From 2007 through 2010 a series of highly-publicized lawsuits were filed against manufacturers, retailers, and distributors of electronic devices that were said to use BusyBox, a popular open source utility, without complying with the terms of the GNU General Public License (“GPL”), the open source license governing BusyBox’s distribution (For more information concerning the BusyBox cases, please follow this link). Several of those lawsuits were settled for undisclosed financial terms and an agreement to comply with the terms of the GPL.
The BusyBox cases were brought by the Software Freedom Law Center working in concert with the Software Freedom Conservancy (“SFC”), a non-profit organization that hosts and supports various open source projects, including BusyBox. In late May, the SFC announced that it would begin similar enforcement efforts on behalf of the Samba project, a popular open source project licensed under the GPL that enables cross-platform file and printing services.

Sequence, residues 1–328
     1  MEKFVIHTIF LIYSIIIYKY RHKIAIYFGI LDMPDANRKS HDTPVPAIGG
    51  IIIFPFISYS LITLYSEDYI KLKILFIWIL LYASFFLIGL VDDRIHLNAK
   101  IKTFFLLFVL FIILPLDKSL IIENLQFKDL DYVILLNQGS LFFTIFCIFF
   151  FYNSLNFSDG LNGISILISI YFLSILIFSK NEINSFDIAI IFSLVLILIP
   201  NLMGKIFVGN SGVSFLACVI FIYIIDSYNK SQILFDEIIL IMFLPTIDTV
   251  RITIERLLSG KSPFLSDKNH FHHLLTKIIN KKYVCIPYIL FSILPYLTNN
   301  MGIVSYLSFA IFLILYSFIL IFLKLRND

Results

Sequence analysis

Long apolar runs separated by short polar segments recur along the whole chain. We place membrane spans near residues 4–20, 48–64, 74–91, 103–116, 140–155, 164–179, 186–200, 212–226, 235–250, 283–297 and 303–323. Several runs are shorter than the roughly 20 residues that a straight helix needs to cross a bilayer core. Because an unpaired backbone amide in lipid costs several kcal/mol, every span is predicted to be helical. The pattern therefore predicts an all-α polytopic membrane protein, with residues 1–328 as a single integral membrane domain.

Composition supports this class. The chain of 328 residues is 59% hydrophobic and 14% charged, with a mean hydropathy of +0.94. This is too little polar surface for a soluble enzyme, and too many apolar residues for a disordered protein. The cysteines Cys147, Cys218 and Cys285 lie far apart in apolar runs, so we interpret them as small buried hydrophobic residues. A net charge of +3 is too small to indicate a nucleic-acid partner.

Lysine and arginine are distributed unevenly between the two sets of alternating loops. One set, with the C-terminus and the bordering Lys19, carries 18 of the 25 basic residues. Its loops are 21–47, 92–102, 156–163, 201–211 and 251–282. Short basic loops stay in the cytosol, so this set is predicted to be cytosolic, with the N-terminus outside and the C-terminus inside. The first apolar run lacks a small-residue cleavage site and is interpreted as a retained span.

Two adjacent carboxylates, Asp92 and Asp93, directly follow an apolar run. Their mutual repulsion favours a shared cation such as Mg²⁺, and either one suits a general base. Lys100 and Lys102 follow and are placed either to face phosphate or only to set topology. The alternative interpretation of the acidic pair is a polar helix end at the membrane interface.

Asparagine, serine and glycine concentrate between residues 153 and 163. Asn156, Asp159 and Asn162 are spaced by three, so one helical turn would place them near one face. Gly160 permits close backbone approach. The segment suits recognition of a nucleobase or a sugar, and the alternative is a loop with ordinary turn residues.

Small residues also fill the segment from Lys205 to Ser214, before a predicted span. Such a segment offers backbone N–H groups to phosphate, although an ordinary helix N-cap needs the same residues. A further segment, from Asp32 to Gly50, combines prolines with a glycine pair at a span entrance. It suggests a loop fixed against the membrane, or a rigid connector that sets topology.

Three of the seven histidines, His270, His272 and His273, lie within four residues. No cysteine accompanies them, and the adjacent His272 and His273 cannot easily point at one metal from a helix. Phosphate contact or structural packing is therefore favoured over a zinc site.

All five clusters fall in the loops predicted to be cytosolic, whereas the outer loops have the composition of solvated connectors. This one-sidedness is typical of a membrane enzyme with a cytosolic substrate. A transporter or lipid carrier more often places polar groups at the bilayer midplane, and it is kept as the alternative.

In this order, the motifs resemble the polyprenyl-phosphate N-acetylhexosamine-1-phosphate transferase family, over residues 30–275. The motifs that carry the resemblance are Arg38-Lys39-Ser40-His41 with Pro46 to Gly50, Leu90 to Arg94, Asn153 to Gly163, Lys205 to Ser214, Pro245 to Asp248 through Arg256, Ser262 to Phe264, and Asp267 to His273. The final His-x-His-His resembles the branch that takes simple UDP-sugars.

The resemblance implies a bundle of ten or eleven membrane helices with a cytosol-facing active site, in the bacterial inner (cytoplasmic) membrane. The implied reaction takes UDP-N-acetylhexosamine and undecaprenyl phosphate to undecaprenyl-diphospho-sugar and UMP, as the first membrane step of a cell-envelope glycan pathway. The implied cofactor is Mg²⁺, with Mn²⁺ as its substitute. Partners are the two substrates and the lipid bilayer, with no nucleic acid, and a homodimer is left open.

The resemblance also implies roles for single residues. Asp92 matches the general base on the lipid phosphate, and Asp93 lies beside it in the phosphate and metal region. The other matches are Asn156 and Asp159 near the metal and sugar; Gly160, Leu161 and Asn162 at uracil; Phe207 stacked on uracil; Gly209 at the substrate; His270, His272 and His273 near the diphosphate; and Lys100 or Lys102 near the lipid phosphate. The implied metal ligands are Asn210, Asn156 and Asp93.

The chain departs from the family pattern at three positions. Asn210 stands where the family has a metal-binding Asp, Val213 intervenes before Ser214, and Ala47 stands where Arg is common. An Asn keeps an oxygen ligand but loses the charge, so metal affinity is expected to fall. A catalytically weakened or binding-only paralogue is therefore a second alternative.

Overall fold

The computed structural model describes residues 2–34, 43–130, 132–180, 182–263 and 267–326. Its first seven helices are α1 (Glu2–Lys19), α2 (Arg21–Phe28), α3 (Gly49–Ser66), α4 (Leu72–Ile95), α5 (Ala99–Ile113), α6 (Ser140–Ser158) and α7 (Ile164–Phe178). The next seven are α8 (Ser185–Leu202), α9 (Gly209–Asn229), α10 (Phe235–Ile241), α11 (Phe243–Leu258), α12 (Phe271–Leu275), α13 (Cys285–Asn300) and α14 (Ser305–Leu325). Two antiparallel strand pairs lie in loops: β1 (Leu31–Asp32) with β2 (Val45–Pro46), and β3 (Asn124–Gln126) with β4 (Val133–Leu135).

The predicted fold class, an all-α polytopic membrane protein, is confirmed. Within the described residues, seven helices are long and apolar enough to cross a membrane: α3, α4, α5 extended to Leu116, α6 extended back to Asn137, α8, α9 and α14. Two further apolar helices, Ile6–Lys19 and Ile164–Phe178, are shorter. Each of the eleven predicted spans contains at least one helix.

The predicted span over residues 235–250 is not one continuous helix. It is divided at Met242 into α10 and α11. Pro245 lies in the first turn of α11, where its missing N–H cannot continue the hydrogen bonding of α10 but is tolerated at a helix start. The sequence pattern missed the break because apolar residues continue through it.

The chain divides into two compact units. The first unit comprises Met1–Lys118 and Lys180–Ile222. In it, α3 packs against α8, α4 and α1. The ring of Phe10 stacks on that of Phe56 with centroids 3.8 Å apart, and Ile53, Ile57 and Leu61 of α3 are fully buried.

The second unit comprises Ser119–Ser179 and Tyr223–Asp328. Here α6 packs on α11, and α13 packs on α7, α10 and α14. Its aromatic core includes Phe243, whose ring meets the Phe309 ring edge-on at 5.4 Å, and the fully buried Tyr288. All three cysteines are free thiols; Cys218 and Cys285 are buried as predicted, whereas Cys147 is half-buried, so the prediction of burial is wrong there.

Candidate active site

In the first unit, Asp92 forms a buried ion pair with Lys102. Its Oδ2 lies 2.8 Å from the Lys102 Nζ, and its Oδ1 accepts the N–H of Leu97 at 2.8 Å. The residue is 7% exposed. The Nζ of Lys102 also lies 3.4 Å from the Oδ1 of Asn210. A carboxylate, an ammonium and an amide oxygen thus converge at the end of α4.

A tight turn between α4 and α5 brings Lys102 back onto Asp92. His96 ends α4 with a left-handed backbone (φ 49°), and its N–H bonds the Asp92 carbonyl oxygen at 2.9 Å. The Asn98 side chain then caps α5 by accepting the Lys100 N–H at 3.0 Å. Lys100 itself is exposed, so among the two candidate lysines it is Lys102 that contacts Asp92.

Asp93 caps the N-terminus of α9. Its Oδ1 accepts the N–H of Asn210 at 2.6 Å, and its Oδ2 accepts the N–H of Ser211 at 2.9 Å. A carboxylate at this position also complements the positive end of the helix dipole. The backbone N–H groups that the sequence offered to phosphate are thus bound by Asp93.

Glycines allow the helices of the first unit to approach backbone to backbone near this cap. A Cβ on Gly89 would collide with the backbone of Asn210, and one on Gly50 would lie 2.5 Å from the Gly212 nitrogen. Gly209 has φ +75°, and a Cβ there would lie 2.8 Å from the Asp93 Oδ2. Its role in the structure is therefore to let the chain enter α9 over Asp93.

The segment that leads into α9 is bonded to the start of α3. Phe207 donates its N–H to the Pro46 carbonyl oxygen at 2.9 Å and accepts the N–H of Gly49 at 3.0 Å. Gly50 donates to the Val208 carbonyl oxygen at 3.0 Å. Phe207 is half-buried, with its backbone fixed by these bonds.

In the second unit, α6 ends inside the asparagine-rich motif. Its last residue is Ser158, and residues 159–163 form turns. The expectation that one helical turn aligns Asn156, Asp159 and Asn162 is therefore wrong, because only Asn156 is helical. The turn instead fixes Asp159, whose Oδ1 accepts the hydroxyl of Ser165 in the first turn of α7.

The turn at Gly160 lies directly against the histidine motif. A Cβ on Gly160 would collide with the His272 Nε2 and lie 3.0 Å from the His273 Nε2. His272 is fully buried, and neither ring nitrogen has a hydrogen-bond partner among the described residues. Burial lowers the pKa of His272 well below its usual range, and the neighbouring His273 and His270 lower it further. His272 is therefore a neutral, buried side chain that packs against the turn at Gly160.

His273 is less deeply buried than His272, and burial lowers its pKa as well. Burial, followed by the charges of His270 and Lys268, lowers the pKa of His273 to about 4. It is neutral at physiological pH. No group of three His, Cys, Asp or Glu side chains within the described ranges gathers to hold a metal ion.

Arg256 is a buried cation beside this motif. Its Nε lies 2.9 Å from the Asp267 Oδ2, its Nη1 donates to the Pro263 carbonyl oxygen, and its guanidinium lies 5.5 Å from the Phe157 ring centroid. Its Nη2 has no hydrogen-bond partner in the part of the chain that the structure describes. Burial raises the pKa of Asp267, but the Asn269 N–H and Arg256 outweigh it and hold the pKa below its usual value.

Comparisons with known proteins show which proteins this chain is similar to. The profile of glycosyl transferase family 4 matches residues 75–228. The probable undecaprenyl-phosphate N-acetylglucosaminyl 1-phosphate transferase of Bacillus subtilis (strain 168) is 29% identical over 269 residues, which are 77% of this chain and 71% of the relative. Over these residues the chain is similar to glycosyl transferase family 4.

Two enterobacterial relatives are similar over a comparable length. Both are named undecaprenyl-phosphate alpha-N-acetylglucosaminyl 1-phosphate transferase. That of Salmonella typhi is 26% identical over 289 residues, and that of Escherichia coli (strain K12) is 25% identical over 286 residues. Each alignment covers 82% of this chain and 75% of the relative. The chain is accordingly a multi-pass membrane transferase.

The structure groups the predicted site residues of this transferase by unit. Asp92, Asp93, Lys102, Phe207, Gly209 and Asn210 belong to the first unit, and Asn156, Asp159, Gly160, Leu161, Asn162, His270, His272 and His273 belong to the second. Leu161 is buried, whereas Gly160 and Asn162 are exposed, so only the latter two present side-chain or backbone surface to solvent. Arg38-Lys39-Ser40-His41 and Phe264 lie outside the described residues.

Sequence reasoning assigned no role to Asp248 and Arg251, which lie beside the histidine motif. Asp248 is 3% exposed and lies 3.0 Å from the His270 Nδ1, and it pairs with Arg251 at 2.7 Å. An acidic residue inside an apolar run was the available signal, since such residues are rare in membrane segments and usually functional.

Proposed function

Commercial users of third party software, open source or otherwise, should always strive to ensure that they have measures in place to comply with their license obligations. Commercial users of Samba (or BusyBox, or any other SFC-hosted project -- a complete list can be found here) may want to review their internal measures to ensure full compliance with the GPL. Addressing this issue now may save you the effort of addressing it when a customer, distributor, or potential acquirer asks about it.
This post on Compliance was authored by Robert Blasi.